Hurricane Sandy, day seven, still without power. We spent the first three nights braving it out in the cold and dark, then the second three nights at my in-laws in Brooklyn. Yesterday, we packed the car and the kids, the cat and the lizard and headed to my mom and step-father’s house.
The kids stretched out like lazy cats with all the new space. We played cards and chess and they ran in circles, up and down the stairs. They had baths in their giant whirlpool tub and we had to fish them out using chocolate marshmallows as bait. Shiny and towel fresh, we plopped them on the couch for a movie.
In the morning, we woke up and my mom had set us up with a tennis court. Disaster? What disaster? Why don’t I come here more often?
It had been quite a few years since my mom and I found ourselves in this position. Back when I was young, we used to randomly play, but I was always so incessantly aggravated by her competitiveness, that I could never play well. Every point she’d get, she’d call out the score, which unnerved my every nerve. Plus, she was hot and sexy and I always had a few pounds to lose, which made watching her bounce across the court in her little short shorts extra annoying.
Back then, I was so wrapped up in killing her that I tried to kill every point, and ultimately killed my game. We were two opposing forces posturing for power. I was 20 years younger, but she had, and still has, a fortitude and vitality that you simply don’t find in average people. She’s a spit fire. A fire cracker. A hundred pounds of boogie-oogie-oogie. You’d think she was made of Red Bull instead of whipped cream, sun flower seeds and garden burgers. In an average day she might play tennis, go to the gym, take a long walk and dance the night away. Did I mention, she runs her own business as well?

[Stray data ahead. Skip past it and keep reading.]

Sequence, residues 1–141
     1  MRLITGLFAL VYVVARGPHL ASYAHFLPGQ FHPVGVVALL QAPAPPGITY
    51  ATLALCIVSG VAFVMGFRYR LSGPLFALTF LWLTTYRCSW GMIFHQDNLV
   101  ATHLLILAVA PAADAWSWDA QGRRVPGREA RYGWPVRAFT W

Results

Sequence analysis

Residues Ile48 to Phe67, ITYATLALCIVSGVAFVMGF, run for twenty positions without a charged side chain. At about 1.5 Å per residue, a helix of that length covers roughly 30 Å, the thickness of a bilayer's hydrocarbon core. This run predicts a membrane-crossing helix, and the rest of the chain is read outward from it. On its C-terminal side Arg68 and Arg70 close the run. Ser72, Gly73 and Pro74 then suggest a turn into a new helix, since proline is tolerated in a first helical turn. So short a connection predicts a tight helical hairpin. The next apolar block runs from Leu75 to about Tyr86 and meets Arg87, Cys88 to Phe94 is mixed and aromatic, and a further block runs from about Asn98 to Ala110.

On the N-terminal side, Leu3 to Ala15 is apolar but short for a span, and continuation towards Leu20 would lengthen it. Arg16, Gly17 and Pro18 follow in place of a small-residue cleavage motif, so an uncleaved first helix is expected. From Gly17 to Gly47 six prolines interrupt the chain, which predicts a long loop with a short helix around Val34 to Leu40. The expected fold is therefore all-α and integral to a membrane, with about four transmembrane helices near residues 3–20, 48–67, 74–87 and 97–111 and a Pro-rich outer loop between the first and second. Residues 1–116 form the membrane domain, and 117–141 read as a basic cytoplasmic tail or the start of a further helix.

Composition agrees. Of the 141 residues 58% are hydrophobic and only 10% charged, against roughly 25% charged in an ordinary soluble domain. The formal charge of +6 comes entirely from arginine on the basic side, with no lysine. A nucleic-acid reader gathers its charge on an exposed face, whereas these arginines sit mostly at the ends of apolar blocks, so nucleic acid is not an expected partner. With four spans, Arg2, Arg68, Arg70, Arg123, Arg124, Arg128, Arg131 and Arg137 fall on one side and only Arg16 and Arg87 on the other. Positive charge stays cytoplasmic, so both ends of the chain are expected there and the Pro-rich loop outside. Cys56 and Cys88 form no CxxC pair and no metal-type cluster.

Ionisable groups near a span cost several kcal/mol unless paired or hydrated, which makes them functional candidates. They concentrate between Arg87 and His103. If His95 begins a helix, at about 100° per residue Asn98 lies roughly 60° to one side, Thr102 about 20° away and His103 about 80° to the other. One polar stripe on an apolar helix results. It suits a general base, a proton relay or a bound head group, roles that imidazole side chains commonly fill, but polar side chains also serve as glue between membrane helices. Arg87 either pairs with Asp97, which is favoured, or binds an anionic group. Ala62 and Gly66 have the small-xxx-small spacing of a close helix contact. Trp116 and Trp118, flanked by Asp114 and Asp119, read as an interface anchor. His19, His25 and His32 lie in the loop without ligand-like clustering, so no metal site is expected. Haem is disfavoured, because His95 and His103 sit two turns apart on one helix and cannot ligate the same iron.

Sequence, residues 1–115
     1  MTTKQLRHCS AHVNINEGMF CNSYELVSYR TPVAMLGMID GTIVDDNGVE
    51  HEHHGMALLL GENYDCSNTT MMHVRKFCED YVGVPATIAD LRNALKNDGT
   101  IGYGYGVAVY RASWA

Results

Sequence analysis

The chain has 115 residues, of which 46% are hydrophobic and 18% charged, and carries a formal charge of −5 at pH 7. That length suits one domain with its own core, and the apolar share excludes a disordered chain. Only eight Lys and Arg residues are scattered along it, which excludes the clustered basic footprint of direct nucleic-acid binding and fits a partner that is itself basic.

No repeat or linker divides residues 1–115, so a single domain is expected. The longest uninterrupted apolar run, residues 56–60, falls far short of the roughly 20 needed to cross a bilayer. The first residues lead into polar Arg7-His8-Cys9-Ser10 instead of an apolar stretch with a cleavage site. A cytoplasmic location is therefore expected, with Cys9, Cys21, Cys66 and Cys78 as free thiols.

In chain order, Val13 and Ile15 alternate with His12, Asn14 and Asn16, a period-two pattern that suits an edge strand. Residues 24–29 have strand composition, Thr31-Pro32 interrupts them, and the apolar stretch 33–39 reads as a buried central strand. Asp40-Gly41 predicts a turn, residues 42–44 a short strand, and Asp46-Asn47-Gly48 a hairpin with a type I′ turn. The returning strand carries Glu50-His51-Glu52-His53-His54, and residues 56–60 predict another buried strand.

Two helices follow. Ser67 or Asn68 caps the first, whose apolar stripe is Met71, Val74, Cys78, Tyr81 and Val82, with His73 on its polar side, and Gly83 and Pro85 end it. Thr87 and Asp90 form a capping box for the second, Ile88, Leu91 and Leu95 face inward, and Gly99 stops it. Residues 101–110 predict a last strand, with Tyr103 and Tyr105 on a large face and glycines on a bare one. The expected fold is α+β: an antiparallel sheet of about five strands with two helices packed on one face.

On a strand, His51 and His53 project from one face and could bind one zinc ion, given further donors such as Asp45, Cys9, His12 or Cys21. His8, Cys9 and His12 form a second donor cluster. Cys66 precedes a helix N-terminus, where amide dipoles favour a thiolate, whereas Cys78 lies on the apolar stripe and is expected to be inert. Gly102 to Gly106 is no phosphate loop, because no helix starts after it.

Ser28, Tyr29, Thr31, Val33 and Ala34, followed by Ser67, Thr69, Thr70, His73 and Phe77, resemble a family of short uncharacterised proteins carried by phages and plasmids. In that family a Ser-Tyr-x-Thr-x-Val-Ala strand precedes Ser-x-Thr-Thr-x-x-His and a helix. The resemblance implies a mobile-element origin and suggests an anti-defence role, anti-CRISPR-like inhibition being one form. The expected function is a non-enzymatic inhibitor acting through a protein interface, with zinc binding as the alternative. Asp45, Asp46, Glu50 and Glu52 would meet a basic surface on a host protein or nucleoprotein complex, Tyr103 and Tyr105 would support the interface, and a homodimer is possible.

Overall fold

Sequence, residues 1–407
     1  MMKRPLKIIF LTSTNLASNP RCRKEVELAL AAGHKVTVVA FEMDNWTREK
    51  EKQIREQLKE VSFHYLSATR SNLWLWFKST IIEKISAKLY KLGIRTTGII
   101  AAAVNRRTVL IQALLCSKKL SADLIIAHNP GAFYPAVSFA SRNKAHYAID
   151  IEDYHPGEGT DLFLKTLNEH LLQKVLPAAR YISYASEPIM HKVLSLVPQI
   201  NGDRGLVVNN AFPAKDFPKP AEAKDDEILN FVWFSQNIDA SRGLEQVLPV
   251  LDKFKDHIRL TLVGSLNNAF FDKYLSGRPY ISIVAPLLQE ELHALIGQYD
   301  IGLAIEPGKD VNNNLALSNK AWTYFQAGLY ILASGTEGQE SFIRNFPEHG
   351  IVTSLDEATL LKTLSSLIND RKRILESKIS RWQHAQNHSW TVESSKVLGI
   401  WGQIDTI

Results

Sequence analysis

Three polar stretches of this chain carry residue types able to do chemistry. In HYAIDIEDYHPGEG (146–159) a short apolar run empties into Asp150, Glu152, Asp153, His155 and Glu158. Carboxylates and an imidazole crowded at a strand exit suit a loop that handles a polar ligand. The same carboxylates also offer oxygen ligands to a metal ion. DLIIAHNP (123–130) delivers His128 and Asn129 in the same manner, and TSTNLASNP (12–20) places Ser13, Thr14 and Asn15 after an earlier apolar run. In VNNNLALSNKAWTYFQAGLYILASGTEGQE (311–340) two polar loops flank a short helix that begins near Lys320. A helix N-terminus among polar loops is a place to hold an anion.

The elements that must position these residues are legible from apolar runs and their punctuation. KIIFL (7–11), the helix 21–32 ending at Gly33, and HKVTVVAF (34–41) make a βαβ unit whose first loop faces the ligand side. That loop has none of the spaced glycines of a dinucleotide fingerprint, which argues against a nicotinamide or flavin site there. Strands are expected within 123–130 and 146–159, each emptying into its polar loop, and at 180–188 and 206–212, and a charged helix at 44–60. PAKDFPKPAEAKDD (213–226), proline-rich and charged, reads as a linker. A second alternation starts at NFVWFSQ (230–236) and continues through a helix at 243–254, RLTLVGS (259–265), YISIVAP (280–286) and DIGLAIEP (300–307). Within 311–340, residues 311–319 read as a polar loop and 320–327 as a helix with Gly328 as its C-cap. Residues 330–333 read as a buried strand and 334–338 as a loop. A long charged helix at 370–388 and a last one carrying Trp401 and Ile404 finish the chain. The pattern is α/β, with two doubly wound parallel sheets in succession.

The only time I see her sleep is when she comes to babysit and by some unknown circumstance actually sits down. One minute, she’ll be crawling the floors with the kids on her back, running up and down stairs to get them snacks, begging them to dance and play with her; but when they’ve finally tired of her and turned to their iTouches or SpongeBob, she might discover the couch under her taut behind. Almost immediately, she nods out.
So here we are again, across the court from each other, a mother and a daughter preparing to face off. It should be no contest, she’s a league winning player, while I’m scrappy, inconsistent and haven’t played in years, but… I’m younger and faster. She hates that. It makes me smile with affection. My mother is like no other.
I suggest just volleying back and forth for practice and exercise, but my mom just can’t. She needs to keep score. So we play. I know her game – she’s very consistent and is great at returning shots, but doesn’t have real power. I have always been a reasonably strong player; my inconsistency and emotions, being my greatest obstacle.
I don’t know if it’s because I’m older, or because our relationship is wonderful and no longer filled with angst, but I’m calm and controlled. I play easily, not great, but with few mistakes, and soon am winning five games to love.
I see the panic and frustration across the court. She’s stomping a bit and Oy Veying here and there. If there were a can, she’d kick it. She can’t help herself. Losing is not something she does with grace. But she sure is cute.
We get down to the final point and I’m torn. Knowing her battle, a big part of me wanted her to win. But I wanted it too. I no longer take her win-at-all-costs personality personally. I’m secretly cheering her on. I think about throwing the game. Just one game, so she could have a little something to hold on to.
I toss the ball, ace out that last point and smile happily. Turns out, I’m just like my mom. Lucky me.